The name of this blog, Rainbow Juice, is intentional.
The rainbow signifies unity from diversity. It is holistic. The arch suggests the idea of looking at the over-arching concepts: the big picture. To create a rainbow requires air, fire (the sun) and water (raindrops) and us to see it from the earth.
Juice suggests an extract; hence rainbow juice is extracting the elements from the rainbow, translating them and making them accessible to us. Juice also refreshes us and here it symbolises our nutritional quest for understanding, compassion and enlightenment.

Wednesday, 14 December 2016

Appropriate Transport

The author steering a 7-seater, 7-chain ring cycle
in Tallinn, Estonia.
In the 1960s Dr E.F. Schumacher (a British economist) coined the term appropriate technology.  The term was popularised in his 1973 book Small is Beautiful: A study of economics as if people mattered1 and generally refers to technology that is small-scale, decentralised, labour-intensive, energy-efficient and environmentally sound.

Forty years later we are still coming up with new, efficient, technological innovations in many areas, including transport.  But few of them are appropriate.  Take the self-contained personal mobility unit (aka the car) as an example.  Since Henry Ford rolled out the Model T in the early part of the 20th century cars have become more and more efficient.  All these efficiency gains have led to vast numbers of cars, more cars per household, greater number of trips in cars, huge expanses of land set aside for roads, highways and parking lots, urban sprawl, and a rapid rise in carbon emissions into the atmosphere.

The next step in the efficiency drive is the hybrid or EV vehicle.  Much more efficient that the present gas-guzzling car.  Isn’t that wonderful?  Well, not really.  Greater efficiency, as has been demonstrated over and over, leads to greater consumption.  It just is not appropriate.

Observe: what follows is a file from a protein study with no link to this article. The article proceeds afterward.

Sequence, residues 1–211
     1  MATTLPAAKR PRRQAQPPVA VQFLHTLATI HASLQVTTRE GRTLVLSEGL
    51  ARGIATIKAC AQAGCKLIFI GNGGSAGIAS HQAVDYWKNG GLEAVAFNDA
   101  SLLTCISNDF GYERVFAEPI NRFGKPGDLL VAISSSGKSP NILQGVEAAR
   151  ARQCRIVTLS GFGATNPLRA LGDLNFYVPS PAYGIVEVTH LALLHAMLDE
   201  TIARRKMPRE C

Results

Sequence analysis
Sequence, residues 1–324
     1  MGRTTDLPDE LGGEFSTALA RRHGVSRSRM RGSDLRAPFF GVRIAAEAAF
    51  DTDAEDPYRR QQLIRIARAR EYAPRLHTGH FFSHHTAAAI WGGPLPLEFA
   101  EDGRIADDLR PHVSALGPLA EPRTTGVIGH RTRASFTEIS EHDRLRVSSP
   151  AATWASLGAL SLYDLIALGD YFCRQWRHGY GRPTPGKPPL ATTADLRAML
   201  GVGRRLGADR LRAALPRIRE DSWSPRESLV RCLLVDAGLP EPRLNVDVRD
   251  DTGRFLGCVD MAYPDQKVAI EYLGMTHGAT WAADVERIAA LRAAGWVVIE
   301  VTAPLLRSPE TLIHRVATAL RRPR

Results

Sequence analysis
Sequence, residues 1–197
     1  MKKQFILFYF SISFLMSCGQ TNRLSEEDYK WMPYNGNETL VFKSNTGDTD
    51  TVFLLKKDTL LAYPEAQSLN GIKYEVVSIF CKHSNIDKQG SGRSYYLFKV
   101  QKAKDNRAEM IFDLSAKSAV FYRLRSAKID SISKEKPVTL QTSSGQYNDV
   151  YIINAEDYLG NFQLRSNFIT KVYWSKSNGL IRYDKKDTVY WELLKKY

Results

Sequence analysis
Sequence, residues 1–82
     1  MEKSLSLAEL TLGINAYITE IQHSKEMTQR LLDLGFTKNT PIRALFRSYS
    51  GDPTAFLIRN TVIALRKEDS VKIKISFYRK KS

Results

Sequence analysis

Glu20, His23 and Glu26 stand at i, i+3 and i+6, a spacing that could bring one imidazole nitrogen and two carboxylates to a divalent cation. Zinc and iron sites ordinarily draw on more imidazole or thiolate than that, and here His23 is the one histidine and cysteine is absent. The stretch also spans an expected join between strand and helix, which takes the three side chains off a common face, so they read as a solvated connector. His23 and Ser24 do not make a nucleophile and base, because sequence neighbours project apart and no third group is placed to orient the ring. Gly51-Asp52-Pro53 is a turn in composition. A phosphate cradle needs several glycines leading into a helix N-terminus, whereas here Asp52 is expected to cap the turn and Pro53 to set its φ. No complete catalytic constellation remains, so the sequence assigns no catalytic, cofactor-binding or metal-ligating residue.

Are we overlooking something?  We already have an appropriate transport device, and we’ve had it since the mid 1800s, although its forerunner – the Dandy Horse – first appeared in 1817.  Its called a bicycle.  Lets consider some of the many benefits this appropriate transport technology has:
  1. Low carbon emissions.  The bicycle is not carbon-free.  Estimates are that production and maintenance of a bicycle accounts for some 5 grams of CO2e per kilometre.  If the “fuel” costs of the cyclist are taken into account then a cyclist burns approximately an extra 16 grams CO2e per kilometre.  Hence, for every kilometre ridden the cycle emits roughly 21g/km.  Similar mathematics indicate that an average car (taking into account occupancy levels) emits 271g/km – thirteen times that of a cycle.  A bus, by comparison emits 101g/km.2
  2. Monetary savings.  A report by the Australasian Railway Association in 2015 indicated that by not owning a car in Australia or New Zealand the average commuter could save between $9,000 – $10,000 per year.3  When arriving at this conclusion the authors did not take account of other costs such as toll road fees, non-compulsory insurance, or environmental and congestion costs.